The idiocy of the jihadis
In the Arab world, this hilly North African city is about as far as you can get from Iraq. But for many young men here, the call to join what they view as a holy war resonates loudly across the 3,000-mile divide.This lunacy is based on a sick interpretation of Islam, but it is one that will not go away easily. Delusional jihadism is an example of the impotence of ideas on that side of the war of ideas. That North Africans Muslims would travel thousands of miles to kill Iraqi Muslims in the name of Islam is part of the insanity of the jihad movement that must be destroyed. The war on terror will be won when the jihad movement is throughly discredited in the villages of North Africa and elsewhere.
About two dozen men from Tetouan and nearby towns in the Rif Mountains have traveled to Iraq in the past 18 months to volunteer as fighters or suicide bombers, according to local residents and officials. Moroccan authorities said the men were recruited by international terrorist networks affiliated with al-Qaeda that have deepened their roots in North Africa since the invasion of Iraq four years ago.
To stanch the flow, U.S. intelligence and military officials have tried to trace the fighters' steps. On the basis of DNA evidence recovered from the scenes of suicide attacks, as well as other clues, officials have confirmed that at least two bombers came from Tetouan, a city of more than 320,000 across the Strait of Gibraltar from southern Spain.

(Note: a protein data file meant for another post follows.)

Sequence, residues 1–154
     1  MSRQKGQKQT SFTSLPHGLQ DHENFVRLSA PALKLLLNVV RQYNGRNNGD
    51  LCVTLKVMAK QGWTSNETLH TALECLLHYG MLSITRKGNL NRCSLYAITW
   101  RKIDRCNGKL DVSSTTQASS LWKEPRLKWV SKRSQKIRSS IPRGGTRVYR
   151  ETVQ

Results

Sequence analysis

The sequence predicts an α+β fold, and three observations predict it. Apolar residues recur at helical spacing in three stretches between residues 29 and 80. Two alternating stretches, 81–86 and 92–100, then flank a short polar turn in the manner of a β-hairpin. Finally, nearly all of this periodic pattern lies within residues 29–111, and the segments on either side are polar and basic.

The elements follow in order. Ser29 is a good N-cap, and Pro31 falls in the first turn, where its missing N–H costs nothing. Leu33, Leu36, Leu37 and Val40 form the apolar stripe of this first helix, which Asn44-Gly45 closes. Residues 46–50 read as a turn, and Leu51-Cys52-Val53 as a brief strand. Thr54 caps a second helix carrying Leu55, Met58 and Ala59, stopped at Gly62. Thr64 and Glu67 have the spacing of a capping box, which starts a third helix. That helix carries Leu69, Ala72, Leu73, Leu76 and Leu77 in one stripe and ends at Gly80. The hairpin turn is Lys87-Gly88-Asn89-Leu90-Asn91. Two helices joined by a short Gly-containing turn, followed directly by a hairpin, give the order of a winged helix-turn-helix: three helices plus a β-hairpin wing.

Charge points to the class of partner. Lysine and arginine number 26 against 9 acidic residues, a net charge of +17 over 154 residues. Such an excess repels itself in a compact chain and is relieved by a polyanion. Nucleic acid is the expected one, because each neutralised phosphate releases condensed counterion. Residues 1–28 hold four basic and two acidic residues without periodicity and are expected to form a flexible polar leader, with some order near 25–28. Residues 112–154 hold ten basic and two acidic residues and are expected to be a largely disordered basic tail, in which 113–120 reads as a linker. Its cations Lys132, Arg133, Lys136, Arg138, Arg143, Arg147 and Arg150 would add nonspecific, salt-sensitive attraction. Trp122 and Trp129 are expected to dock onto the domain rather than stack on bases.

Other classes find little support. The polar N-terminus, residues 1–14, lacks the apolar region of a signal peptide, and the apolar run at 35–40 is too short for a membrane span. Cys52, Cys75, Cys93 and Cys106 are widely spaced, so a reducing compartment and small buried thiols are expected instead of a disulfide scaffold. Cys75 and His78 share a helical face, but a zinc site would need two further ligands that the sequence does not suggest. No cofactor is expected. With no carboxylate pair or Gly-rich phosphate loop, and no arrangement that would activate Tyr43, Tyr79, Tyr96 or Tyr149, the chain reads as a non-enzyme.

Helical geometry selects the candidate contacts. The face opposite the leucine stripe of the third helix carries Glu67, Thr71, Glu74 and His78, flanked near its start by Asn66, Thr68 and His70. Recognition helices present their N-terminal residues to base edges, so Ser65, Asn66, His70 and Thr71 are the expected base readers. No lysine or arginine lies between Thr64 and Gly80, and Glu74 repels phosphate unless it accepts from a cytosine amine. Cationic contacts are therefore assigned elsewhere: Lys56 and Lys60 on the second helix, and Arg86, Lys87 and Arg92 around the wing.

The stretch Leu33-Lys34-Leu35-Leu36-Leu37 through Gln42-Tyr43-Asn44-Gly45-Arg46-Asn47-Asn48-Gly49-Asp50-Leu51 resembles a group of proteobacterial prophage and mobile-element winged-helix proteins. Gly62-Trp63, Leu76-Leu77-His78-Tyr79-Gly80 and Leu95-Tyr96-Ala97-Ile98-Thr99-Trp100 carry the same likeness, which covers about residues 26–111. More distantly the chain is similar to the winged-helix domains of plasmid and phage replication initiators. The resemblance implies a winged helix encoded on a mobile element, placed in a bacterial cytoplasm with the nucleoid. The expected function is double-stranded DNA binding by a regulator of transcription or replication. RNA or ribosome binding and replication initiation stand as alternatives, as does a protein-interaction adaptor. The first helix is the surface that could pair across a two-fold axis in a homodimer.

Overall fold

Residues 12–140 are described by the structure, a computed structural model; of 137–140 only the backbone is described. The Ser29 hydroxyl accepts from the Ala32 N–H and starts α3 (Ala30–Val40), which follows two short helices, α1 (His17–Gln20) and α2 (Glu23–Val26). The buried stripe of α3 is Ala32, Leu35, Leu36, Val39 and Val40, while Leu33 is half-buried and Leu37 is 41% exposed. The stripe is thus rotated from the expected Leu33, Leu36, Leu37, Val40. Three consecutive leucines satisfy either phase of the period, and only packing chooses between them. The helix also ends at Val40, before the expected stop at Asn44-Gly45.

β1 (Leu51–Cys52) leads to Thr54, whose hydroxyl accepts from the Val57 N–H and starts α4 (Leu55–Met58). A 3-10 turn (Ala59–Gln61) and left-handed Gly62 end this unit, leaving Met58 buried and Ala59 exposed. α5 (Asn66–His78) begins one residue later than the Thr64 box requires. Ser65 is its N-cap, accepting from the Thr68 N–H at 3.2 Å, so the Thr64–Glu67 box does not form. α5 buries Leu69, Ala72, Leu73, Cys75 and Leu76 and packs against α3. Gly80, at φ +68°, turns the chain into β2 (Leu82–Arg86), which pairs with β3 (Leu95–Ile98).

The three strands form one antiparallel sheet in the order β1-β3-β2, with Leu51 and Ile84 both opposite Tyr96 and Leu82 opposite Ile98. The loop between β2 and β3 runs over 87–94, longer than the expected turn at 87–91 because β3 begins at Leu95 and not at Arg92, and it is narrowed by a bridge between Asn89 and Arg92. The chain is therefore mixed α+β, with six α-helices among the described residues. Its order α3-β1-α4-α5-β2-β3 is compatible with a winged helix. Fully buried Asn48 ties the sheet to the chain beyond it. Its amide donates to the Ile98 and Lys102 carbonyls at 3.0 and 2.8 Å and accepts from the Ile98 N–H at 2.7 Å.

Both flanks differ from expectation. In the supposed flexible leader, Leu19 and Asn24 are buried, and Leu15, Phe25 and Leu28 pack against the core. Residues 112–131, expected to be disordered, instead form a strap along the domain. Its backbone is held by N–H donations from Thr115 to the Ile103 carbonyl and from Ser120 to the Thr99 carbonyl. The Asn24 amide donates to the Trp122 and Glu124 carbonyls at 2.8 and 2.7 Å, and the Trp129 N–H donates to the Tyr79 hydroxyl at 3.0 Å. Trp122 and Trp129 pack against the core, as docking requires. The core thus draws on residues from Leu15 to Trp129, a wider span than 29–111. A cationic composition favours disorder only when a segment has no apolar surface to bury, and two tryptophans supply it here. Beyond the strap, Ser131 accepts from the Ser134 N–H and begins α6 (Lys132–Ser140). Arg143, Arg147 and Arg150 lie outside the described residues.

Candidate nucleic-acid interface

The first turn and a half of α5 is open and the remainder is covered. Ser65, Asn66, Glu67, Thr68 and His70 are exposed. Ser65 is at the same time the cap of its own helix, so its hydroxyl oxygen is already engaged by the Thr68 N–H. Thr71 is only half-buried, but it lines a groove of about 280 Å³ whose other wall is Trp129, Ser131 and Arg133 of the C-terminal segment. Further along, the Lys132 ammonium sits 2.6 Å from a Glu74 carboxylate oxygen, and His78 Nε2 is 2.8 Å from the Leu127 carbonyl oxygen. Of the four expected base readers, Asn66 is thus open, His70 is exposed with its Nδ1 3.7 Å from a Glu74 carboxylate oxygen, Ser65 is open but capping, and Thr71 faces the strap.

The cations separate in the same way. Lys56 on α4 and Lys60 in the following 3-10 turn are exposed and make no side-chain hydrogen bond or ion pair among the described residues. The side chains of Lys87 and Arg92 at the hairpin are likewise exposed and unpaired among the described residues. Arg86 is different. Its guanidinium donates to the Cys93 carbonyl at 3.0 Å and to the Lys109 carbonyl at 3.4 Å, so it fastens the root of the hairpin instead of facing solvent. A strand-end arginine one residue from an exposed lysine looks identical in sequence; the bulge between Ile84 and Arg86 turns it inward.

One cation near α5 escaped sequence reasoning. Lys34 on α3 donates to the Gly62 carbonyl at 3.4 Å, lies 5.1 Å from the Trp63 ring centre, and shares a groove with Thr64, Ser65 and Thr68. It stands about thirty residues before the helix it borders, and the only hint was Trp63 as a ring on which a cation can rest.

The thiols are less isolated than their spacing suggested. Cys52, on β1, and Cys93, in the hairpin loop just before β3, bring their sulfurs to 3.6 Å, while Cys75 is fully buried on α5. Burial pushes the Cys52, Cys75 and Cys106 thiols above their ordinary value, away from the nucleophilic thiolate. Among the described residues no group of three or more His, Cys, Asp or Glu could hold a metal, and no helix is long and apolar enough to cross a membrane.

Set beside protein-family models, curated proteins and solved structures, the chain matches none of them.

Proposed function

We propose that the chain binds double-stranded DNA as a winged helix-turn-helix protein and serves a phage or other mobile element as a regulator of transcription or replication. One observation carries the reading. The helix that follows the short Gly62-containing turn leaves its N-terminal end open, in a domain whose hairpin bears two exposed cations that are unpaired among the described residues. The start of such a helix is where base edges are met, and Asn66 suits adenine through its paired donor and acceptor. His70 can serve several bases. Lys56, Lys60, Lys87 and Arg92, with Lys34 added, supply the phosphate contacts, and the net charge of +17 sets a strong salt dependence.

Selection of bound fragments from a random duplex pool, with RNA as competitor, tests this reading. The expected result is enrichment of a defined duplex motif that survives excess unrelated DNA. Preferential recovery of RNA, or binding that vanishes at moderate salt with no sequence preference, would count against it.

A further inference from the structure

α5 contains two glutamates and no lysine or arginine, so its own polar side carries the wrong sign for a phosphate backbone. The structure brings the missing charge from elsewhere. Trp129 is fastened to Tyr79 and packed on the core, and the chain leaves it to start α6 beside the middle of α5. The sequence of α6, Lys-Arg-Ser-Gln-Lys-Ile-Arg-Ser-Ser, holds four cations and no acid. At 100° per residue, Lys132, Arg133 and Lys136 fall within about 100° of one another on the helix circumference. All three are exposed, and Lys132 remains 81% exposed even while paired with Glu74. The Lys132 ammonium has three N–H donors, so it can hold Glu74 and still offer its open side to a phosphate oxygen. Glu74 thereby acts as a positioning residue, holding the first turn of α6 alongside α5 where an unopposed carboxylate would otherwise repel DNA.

One of them, Abdelmonaim el-Amrani, a 22-year-old laborer, abandoned his wife and infant child in Tetouan to go to Iraq. On March 6, 2006, just before sunset, he drove a red Volkswagen Passat stuffed with explosives into a funeral tent in a village near Baqubah, Iraq, according to witnesses. Six people were reported killed and 27 injured. It was months before Amrani's family in Tetouan learned of his fate from Moroccan police.
Foreign fighters in Iraq account for only a small percentage of the combatants attacking U.S. troops and their Iraqi allies. U.S. military officials and independent analysts peg the number at no more than a few thousand. But as the war drags on, it continues to serve as a powerful rallying tool for radical Islamic networks around the world that have developed recruiting pipelines as far afield as Europe and Southeast Asia.